As a landlord and a business person, you should always be striving to improve the bottom line.
Doing so, however, is not always easy and can actually require you to spend time and money up front for a return later on. For some, spending up front can be hard to do — it can seem counterintuitive. But I have learned over the years that spending the money and time now really does save in several key areas.
1. Find and Keep Good Tenants
Turnover is a killer. Reducing turnover will significantly reduce your expenses and save you money. Think about it — when tenants move out, there are all sorts of administrative and rehab expenses, often running into the hundreds if not thousands of dollars. Finding tenants who will stay long-term is one of the keys to this landlording business.
It begins with screening. Watch out for frequent movers. Pay for a credit and criminal history background check. Spend the time to check all references before giving them the keys. Then work hard at keeping them happy. Respond to their requests. Fix any problems quickly and keep your properties neat and tidy. A little up front here can go a long way later on.
Related: Tenant Screening: The Ultimate Guide
2. Install Energy Saving Devices
Utilities are another major expense. Usually, unless you rent single family homes, the landlord has some utility payments. In my part of Memphis, for example, it is common for the landlord to pay for water. Thus, low flow faucets are the name of the game during rehab.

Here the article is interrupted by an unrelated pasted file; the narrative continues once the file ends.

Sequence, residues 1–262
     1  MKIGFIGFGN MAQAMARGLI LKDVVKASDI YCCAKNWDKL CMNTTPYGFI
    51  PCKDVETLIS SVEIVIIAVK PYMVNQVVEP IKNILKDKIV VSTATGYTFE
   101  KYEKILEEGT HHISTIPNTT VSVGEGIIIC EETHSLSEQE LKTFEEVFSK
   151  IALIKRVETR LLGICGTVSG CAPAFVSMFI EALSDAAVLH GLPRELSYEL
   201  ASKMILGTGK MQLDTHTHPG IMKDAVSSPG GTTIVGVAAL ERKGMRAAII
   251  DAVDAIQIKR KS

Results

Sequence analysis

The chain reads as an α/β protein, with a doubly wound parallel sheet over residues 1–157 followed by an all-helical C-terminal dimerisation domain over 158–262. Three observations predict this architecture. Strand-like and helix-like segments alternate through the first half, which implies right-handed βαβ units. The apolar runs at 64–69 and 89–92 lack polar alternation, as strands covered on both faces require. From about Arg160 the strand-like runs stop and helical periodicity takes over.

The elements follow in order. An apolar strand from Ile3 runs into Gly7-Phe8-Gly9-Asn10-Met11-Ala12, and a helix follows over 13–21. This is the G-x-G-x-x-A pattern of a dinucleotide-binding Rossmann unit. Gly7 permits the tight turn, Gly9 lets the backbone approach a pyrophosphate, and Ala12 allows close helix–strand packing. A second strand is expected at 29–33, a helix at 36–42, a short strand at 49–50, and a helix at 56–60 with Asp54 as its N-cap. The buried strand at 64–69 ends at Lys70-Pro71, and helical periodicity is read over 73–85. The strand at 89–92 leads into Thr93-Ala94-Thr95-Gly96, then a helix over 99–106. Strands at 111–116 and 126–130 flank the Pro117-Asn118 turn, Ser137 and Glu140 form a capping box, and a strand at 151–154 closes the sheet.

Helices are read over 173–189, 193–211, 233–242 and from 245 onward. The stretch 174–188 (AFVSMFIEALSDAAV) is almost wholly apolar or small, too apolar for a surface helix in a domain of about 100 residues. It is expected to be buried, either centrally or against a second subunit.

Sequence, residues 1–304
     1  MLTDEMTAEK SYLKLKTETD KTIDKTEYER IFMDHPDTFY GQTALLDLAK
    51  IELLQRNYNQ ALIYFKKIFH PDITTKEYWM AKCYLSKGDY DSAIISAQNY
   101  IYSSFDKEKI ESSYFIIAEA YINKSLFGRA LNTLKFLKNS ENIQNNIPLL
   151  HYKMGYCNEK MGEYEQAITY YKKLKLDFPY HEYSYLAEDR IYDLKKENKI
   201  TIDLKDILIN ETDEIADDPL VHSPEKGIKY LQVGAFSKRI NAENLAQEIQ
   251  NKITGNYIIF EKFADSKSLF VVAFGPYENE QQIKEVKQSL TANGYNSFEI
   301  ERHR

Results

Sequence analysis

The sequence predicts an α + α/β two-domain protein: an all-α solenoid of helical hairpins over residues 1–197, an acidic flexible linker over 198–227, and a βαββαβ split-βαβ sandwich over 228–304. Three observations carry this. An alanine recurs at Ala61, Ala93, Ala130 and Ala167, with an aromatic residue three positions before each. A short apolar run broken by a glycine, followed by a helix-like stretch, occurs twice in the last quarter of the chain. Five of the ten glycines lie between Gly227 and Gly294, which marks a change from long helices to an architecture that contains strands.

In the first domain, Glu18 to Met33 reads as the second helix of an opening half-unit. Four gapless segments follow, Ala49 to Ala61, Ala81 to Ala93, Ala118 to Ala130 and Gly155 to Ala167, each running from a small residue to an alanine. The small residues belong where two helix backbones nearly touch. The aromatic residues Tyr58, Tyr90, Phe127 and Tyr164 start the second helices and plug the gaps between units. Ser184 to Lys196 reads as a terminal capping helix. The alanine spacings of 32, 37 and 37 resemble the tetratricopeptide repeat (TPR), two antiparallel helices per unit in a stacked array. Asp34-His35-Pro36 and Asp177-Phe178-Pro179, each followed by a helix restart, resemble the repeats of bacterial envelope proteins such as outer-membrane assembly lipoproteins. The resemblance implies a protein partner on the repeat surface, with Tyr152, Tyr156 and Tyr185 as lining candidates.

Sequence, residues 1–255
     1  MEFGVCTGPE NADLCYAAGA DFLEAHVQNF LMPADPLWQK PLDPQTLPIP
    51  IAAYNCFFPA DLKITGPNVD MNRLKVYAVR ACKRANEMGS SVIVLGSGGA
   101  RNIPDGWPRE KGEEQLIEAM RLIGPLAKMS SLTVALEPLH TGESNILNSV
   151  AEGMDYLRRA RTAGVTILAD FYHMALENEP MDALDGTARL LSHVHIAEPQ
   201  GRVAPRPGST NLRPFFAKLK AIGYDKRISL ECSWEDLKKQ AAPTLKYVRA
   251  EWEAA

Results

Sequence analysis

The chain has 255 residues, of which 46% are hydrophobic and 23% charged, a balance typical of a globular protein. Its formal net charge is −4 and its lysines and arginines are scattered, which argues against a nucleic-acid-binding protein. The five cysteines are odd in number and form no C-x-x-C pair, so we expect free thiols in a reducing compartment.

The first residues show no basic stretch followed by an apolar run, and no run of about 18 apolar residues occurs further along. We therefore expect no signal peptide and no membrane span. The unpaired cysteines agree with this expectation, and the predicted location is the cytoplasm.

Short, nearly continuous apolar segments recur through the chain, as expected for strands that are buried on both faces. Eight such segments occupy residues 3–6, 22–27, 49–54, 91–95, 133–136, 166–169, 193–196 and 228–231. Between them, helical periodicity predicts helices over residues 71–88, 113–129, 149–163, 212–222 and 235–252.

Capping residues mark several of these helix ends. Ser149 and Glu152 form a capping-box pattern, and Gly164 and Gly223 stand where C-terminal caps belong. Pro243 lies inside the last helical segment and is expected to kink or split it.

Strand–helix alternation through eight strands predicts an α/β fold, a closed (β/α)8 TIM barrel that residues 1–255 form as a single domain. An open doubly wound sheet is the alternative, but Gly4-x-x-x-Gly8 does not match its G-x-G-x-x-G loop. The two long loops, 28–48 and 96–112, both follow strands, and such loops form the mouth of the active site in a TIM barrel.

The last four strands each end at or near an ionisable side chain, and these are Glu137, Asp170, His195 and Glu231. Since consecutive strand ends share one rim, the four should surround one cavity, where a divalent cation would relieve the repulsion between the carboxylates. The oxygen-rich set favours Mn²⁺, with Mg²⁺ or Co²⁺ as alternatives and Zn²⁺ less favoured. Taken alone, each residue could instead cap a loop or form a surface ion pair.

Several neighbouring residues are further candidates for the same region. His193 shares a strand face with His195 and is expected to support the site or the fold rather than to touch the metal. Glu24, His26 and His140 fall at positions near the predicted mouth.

I have also been amazed at how much less electricity those new fluorescent bulbs use and how much longer they last. These things do cost a little more, but over the long term, they are worth it for the reduced utility costs
3. Challenge Your Property Tax Assessment
I do this on just about every property I purchase. I have found that the local property assessor’s values are often tilted towards the high end. After all, their unstated goal is revenue. If you buy properties at a discount like I do, you can use your purchase prices to significantly reduce those assessed values, thus reducing your property tax bill and increasing cashflow.
Be forewarned, this is a time consuming, bureaucratic process, but it can be very rewarding, as the new value will likely be in place for several years.
Small problems can turn into large ones very quickly. It is best if you catch and fix these small problems early. The old saying is true about maintenance — it costs money because it saves money. Don’t let a little problem like a sink leak turn into a major ceiling repair. One way to do this is to regularly conduct inspection of your properties. Tenants, for whatever reason, will not always tell you when there is a problem. You have to stay on top of things.
Refinancing and lowering your borrowing costs now can really save you money if you plan to hold a property for any length of time. Yes there will be closing costs, but remember to look at the bigger long term picture.
[Editor’s Note: We are republishing this post to help landlords who are newer to the site. Let us know what you think with a comment!]
So how do you spend money to save money?
Let us know with your comments.